In Sanford C. Goldberg (ed.), The Oxford Handbook of Assertion. Oxford, UK: Oxford University Press (forthcoming)

Authors
Boaz Miller
Zefat Academic College
Ori Freiman
Bar-Ilan University, Ramat Gan
Abstract
There is an existing debate regarding the view that technological instruments, devices, or machines can assert ‎or testify. A standard view in epistemology is that only humans can testify. However, the notion of quasi-‎testimony acknowledges that technological devices can assert or testify under some conditions, without ‎denying that humans and machines are not the same. Indeed, there are four relevant differences between ‎humans and instruments. First, unlike humans, machine assertion is not imaginative or playful. Second, ‎machine assertion is prescripted and context restricted. As such, computers currently cannot easily switch ‎contexts or make meaningful relevant assertions in contexts for which they were not programmed. Third, ‎while both humans and computers make errors, they do so in different ways. Computers are very sensitive to ‎small errors in input, which may cause them to make big errors in output. Moreover, automatic error control ‎is based on finding irregularities in data without trying to establish whether they make sense. Fourth, ‎testimony is produced by a human with moral worth, while quasi-testimony is not. Ultimately, the notion of ‎quasi-testimony can serve as a bridge between different philosophical fields that deal with instruments and ‎testimony as sources of knowledge, allowing them to converse and agree on a shared description of reality, ‎while maintaining their distinct conceptions and ontological commitments about knowledge, humans, and ‎nonhumans.‎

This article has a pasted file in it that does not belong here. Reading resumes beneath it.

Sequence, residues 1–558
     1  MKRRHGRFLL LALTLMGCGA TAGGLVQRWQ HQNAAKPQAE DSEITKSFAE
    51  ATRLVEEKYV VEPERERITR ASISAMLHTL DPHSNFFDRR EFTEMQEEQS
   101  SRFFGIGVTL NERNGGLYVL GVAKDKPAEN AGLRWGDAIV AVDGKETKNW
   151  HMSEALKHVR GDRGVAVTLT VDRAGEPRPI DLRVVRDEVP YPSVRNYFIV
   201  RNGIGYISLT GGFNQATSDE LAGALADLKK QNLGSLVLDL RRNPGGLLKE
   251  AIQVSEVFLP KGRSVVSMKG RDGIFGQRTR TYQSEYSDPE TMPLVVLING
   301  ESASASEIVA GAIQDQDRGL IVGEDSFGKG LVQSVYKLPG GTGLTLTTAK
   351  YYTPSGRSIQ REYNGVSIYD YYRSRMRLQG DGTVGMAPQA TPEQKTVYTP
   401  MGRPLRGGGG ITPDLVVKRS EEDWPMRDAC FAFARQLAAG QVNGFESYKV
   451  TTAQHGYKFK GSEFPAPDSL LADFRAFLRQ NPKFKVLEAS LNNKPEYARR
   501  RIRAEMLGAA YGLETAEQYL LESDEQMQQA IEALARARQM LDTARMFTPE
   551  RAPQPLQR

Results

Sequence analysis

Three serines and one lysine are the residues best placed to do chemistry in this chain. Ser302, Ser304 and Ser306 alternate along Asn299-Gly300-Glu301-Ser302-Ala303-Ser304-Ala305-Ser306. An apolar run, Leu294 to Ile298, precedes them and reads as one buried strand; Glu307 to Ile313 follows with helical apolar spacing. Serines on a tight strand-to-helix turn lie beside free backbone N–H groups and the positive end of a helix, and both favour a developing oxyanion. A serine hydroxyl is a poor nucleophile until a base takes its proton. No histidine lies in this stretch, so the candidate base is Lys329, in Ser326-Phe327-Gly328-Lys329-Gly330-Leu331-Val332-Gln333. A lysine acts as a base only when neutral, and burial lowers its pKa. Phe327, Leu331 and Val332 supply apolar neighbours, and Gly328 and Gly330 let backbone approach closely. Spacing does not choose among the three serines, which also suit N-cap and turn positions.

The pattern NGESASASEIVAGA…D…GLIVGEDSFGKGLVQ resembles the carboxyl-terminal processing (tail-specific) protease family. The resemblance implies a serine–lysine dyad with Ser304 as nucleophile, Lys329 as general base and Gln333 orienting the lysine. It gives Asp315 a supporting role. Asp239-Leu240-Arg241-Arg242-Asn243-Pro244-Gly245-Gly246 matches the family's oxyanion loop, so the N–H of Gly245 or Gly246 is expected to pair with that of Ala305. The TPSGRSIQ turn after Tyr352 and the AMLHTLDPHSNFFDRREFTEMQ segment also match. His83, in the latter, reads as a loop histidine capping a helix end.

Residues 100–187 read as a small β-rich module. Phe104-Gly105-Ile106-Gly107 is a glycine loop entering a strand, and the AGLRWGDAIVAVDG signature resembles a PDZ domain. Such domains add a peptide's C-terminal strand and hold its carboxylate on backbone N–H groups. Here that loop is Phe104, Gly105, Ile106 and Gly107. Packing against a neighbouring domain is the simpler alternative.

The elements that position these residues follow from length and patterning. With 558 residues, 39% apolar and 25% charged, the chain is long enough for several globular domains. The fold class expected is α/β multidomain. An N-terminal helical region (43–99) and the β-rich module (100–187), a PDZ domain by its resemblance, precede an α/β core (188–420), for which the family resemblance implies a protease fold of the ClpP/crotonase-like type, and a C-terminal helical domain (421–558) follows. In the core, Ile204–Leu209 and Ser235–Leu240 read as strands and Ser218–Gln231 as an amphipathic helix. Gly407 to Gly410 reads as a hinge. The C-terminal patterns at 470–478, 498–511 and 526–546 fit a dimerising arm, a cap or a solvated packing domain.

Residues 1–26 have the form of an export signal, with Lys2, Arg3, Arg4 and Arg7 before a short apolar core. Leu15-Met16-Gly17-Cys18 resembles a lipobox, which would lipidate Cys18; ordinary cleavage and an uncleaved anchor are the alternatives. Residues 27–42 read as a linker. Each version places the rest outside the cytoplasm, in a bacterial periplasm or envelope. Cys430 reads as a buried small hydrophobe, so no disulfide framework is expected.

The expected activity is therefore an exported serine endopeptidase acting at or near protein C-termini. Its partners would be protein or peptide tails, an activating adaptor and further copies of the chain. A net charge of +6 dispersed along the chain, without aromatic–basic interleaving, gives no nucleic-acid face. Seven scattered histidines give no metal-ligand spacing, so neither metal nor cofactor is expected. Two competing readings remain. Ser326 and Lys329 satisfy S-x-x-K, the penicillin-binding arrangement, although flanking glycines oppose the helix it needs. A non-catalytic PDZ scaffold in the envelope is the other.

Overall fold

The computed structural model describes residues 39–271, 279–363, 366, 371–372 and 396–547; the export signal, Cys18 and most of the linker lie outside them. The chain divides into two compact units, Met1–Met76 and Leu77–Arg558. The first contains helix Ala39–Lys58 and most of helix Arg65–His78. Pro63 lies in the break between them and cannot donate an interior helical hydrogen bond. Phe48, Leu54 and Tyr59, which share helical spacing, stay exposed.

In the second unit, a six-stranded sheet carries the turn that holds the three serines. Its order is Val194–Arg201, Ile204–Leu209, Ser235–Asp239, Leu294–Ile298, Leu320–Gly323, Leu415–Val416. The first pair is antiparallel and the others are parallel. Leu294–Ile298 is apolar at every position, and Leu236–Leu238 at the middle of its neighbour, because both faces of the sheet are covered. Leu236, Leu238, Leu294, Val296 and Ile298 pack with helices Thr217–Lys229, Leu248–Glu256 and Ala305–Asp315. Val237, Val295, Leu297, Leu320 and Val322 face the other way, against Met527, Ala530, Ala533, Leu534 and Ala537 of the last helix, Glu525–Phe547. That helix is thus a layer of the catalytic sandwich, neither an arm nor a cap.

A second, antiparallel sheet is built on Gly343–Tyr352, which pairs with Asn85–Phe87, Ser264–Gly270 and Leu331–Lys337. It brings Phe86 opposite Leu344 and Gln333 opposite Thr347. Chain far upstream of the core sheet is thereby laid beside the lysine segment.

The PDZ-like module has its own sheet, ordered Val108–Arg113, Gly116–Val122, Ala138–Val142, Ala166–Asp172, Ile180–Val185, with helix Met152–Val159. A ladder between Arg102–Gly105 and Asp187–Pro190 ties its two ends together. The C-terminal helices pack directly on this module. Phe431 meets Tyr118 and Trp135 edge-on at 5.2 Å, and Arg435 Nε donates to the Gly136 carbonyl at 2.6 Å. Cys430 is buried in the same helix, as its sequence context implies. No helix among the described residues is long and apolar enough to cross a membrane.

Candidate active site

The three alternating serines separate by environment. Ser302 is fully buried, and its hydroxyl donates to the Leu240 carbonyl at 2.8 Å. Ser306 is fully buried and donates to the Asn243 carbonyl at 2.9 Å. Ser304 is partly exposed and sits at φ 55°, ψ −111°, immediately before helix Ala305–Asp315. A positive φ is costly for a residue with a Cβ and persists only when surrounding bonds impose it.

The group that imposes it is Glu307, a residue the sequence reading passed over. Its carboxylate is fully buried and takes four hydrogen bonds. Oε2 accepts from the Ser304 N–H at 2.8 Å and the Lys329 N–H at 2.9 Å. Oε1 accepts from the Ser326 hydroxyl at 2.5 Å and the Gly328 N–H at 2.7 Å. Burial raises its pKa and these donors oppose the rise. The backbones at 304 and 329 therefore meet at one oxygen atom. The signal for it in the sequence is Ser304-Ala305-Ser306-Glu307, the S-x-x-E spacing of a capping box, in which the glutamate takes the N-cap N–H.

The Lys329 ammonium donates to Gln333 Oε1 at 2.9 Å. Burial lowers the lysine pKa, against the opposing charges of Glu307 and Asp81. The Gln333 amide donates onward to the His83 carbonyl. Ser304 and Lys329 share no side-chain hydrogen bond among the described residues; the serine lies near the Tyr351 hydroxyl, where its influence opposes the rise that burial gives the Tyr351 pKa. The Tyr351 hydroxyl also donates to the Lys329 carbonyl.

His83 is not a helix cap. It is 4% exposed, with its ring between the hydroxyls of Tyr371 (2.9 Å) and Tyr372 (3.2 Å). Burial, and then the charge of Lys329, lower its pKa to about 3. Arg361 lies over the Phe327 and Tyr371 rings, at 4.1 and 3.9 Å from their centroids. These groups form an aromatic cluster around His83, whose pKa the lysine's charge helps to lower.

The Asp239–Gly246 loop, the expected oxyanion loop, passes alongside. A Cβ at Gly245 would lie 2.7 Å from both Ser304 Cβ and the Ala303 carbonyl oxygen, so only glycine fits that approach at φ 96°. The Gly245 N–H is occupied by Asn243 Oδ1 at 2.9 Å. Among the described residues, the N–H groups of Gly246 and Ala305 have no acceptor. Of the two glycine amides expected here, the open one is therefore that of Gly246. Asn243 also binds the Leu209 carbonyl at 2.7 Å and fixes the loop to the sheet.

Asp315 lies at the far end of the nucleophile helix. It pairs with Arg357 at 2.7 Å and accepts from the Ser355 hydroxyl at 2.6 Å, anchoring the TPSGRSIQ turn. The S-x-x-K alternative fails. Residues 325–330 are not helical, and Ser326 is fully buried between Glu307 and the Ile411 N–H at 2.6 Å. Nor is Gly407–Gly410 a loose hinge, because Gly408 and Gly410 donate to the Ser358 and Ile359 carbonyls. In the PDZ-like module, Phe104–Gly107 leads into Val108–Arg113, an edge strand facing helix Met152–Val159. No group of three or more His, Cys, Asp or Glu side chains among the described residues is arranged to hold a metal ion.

Keywords epistemology of testimony  philosophy of technology  technological instruments  ‎ humans  quasi-testimony  machine assertion  norm of assertion
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